The Negative Effects of Multi-tasking

“Multitasking…the art of messing up several things at once.”

– Unknown

I could go on and on for days about the negative effects of multi-tasking and how it’s neither effective nor efficient. I could show you all of the statistics and research to back it up, all in an attempt to dissuade you from buying in to the multi-tasking trap.

Lucky for you, I’ll just share a few.


When you multi-task you make more mistakes. Multi-tasking causes you to shift your focus from one thing to another. Let’s say you’re reading your email, talking on the phone, and writing a memo, all at the same time (c’mon, admit it, you know you’ve done that!). You can’t possibly do all of these things well at the same time, which leads to more errors and more mistakes, and things end up taking longer.


Multi-tasking contributes to memory loss. Now I don’t know about you, but I have two children at home, and I need all the memory function I can get! Multi-tasking can lead to over-stimulation of your brain function. So, if you’re intently working on a project or assignment, and you’re constantly interrupted by coworkers, phone calls, or customers, you risk forgetting details (big and small) required to effectively finish the task at hand.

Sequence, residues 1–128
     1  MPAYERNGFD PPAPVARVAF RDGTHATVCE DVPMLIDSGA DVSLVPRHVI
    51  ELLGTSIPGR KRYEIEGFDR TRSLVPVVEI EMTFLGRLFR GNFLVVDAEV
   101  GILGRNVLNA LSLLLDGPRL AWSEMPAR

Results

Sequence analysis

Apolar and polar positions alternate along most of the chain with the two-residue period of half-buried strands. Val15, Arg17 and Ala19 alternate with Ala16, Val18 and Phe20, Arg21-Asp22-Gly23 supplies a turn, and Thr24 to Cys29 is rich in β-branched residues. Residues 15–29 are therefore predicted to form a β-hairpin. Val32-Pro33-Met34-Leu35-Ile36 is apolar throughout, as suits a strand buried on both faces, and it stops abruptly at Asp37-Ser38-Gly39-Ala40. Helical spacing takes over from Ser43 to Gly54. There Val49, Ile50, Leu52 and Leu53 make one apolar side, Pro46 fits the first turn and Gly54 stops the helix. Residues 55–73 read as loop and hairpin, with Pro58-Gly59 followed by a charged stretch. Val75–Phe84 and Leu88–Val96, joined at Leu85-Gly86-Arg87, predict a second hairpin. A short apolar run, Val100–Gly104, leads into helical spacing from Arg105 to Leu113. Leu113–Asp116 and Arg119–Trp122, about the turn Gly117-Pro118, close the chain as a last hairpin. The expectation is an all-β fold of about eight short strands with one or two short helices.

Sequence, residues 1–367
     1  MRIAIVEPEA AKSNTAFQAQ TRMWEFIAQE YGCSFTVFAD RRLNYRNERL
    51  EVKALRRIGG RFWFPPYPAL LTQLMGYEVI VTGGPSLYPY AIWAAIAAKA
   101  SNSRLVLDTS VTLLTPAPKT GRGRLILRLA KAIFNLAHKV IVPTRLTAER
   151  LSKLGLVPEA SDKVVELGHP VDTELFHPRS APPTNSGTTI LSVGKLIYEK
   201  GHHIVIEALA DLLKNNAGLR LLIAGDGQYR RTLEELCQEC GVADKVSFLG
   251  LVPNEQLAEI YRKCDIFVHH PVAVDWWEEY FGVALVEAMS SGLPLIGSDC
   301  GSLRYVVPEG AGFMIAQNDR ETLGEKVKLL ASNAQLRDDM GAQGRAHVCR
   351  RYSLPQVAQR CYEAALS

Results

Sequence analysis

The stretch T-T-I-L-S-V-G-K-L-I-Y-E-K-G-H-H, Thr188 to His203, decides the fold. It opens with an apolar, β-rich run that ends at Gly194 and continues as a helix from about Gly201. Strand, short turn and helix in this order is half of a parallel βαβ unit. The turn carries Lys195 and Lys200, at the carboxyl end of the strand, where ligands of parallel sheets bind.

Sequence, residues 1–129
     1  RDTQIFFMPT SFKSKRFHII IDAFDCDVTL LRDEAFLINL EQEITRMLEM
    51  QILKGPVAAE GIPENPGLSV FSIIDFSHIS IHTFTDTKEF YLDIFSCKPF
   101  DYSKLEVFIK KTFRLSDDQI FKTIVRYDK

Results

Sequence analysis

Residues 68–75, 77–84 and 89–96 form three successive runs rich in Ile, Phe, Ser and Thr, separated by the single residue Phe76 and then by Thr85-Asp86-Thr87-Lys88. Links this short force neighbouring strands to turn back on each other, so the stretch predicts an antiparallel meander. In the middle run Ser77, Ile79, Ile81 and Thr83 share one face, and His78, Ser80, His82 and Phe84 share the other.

Multi-tasking shows a lack of respect for the people in your life. When the people in your life think that you care more about your cell-phone, than being with them, that can damage your relationships both personally and professionally.


According to the Harvard Business Review, focusing on more than one thing decreases your productivity by 40% and lowers your IQ by 10 points.  Again, I need all the IQ points I can muster!

I understand that it’s not realistic to say no to multi-tasking 100% of the time.  What I’m advocating for is that you uni-task, or focus on one thing at a time, when it really counts.   Strategic thinking, one-on-one conversations, visioning, goal setting to name a few, are all activities that require your undivided attention. So give it to them.


**How does multi-tasking support me in my daily activities?

**What negative impact does multi-tasking have on my life/my work/my self?

**What positive impact does multi-tasking have on my life/my work/my self?


The Pomodoro Technique. The next time you have a project, set your time for 30 minutes. Shut your door (if you don’t have a door, hang a Do Not Disturb sign on the side of your cubicle), turn off your email chime, cell phone, and tablets. And, for the next 30 minutes focus only on the task at hand. You’ll be amazed at what you can accomplish in 30 minutes. When the timer goes off, take a 5 minute break.

Have an amazing week and enjoy your learnings!


P.S. If you enjoy what you read here today, and your ready to take back control of your time…to maximize your time rather than simply managing it, check out my special publication @

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